Problems on AM radio can normally be identified by the type of sound effect you can hear. Buzzing, clicking and pops could mean you are experiencing electrical Interference.
Hissing, fading and distortion are not interference and could indicate reception problems.
The first step in troubleshooting your problem is to rule out common problems and decide whether it's a reception or interference problem. It is a process of elimination so it is important that first you switch off everything in your home to see whether the problem goes away. If you can’t locate the problem you may wish to speak to neighbours, to ask them to do the same because the problem could be somewhere nearby.
Rule out Reception problems
As a rule of thumb hissing, fading and distortion are not interference and could indicate reception problems. For reception-type symptoms use our step by step guide to help troubleshoot problems with MW/LW or use the Problem Assistant.
You can use a portable radio to help identify interference to your radio service. Firstly tune into one of the radio bands between radio stations to see if you hear any unusual sounds. Use the list of symptoms below as a guide to help you identify a possible interference source
Buzzing and Clicking
This effect happens in bursts of a few seconds at a time when an appliance is switched on. Depending on the device, it may be a process of elimination.
An electric motor is used in many appliances such as microwaves, electric lawnmowers, washing machines, drills and hairdryers etc. It can be readily identified because it only occurs when an appliance is used.
Identify your appliances that have an electric motor and try moving your radio away from the appliance to see whether the sound improves. If this does work, it could mean your appliance is faulty and could be causing interference to your neighbours' radios.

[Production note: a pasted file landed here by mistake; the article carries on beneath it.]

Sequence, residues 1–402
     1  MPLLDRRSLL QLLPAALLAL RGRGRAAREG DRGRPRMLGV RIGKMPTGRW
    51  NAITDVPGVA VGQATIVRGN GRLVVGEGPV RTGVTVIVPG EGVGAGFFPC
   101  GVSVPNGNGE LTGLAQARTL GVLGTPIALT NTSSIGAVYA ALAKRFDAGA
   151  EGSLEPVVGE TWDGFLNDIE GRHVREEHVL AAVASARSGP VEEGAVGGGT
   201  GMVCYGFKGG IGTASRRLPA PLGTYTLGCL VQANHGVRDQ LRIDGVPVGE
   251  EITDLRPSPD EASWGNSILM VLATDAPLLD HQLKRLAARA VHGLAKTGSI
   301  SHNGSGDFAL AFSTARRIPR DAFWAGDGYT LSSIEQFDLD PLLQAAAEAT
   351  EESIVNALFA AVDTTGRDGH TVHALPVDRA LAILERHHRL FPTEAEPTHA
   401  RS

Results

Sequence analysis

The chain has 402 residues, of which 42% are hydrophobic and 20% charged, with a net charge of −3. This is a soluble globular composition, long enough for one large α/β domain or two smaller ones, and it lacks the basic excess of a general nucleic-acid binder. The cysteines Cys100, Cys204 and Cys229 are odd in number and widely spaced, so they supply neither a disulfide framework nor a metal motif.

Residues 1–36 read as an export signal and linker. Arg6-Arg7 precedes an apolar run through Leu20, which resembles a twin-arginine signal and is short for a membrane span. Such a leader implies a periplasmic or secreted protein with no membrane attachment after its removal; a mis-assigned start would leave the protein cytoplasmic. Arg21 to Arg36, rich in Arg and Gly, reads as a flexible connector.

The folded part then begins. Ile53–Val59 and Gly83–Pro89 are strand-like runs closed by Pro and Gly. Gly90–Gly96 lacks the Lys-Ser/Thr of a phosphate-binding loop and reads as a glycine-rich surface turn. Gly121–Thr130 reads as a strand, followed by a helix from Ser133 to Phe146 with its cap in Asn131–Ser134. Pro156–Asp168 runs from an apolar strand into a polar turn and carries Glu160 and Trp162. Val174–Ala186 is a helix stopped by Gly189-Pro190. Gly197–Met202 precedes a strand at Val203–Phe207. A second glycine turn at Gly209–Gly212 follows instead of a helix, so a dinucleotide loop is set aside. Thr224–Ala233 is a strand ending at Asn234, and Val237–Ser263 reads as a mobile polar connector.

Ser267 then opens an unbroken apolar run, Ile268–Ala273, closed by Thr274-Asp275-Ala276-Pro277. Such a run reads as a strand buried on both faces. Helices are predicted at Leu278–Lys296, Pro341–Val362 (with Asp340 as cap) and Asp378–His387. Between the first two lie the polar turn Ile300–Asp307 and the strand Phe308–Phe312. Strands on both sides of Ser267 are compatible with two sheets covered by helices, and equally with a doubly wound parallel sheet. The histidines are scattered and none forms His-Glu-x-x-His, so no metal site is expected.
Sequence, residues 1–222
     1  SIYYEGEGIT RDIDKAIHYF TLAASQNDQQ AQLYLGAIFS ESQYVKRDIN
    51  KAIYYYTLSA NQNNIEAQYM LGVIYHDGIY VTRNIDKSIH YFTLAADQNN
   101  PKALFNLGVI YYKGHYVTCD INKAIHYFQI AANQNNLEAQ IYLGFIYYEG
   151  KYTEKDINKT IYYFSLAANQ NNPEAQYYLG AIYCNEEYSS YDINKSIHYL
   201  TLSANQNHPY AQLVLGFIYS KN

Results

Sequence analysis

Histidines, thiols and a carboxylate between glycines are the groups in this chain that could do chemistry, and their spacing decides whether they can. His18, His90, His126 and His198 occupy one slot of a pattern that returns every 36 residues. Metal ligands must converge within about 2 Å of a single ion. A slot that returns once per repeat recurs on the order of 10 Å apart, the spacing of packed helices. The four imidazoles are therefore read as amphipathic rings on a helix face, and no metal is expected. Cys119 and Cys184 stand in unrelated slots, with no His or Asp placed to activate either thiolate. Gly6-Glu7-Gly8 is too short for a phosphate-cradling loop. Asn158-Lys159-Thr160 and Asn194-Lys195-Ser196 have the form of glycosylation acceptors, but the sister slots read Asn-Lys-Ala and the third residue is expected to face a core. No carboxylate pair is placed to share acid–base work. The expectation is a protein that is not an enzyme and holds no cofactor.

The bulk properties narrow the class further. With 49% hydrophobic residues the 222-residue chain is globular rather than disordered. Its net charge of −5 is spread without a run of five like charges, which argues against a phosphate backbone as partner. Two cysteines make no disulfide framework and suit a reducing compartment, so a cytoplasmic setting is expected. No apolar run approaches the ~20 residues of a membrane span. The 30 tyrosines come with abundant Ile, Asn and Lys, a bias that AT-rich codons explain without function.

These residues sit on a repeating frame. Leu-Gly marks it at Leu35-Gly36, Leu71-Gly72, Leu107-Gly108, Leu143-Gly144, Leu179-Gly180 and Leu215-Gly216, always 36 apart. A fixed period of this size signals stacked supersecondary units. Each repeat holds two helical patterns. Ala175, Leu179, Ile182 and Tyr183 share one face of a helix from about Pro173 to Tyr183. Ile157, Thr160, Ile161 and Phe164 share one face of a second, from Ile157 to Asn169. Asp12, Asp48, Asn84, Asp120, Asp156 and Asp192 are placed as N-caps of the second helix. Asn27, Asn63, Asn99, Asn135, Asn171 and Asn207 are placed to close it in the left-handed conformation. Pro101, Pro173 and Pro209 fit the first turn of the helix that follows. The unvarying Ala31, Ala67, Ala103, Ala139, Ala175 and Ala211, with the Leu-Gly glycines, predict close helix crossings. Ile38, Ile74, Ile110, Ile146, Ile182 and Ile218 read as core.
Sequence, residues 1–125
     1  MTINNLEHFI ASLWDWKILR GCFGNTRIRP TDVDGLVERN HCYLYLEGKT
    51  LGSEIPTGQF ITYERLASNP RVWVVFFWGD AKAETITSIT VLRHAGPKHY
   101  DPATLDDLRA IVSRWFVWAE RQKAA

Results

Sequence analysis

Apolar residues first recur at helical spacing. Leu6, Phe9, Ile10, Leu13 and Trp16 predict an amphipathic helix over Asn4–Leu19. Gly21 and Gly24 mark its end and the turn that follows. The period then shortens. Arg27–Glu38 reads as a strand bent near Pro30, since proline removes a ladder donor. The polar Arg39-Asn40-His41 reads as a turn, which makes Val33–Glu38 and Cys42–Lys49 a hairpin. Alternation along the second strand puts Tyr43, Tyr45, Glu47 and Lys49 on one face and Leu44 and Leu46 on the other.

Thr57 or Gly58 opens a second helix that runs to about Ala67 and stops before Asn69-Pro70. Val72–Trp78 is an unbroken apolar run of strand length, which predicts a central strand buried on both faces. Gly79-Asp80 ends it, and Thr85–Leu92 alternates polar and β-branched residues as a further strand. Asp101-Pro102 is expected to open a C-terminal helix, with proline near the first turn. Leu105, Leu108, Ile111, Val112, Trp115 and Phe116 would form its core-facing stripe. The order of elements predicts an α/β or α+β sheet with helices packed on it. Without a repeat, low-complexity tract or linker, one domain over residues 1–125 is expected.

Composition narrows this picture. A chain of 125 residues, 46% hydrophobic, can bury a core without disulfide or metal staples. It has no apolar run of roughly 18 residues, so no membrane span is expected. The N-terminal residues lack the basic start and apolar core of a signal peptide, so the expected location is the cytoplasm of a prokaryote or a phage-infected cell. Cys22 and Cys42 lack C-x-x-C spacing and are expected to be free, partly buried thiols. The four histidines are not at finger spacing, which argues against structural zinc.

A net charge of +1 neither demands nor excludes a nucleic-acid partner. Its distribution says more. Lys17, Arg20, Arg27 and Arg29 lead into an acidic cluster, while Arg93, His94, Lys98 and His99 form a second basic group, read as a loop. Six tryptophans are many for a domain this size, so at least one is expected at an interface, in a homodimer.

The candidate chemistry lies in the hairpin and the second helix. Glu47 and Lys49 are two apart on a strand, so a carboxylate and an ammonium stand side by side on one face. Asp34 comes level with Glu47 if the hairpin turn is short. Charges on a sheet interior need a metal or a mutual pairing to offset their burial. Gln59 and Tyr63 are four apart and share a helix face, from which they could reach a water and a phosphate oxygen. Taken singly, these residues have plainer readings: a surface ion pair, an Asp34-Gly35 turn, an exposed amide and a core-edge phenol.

If you have a lot of appliances with electric motors you may need to turn them all off and try the above one at a time.
A heating system can cause interference if it has a fault. By switching it off and seeing whether the problem goes away, you will be able to know if this is the cause. If the problem persists when you turn the heating back on again, there could be a faulty thermostat, which may need to be repaired or replaced.
To find out whether a particular switch is causing the problem, try turning the lights off one at a time.
Many people are now using low power LED lights instead of the more traditional varieties. However if the original light used a transformer rather than directly running off the mains, it is possible the transformer is causing the interference. This is because the transformer would have been designed to operate at the higher power and not the lower power used by LED lights. This has the potential to cause electrical interference.
Street lamps can sometimes cause buzzing and crackling sounds. Keeping a note of when each lamp comes on and goes off will help to identify whether this is the cause of your interference. If you have identified it is, you should contact your local council.
A faulty or uncompressed engine can cause a distinct buzzing 'whine' which varies with engine speed - motorcycles tend to be the worst. Try to move your radio away from the street or use an external aerial.
This is a high-pitched whine that will rise and fall in a regular pattern. It can normally be heard as you tune across the AM bands.
This is often caused by Power Line Telecommunications (PLT) devices. The most common PLT devices are Powerline Ethernet Adapters that are used to enable the internet to be shared around a home using the electrical mains. They may be supplied by your Internet Service Provider (ISP) as part of a package. It rarely causes problems when listening to strong stations, but is a nuisance when signals are weaker.
Example of PLT device
To find out whether a particular PLT device is causing the problem, try turning them off one at a time.
If you rule out basic reception problems and believe there is a nearby source of interference you can contact us either by phone or via the form at the end of the Problem Assistant tool.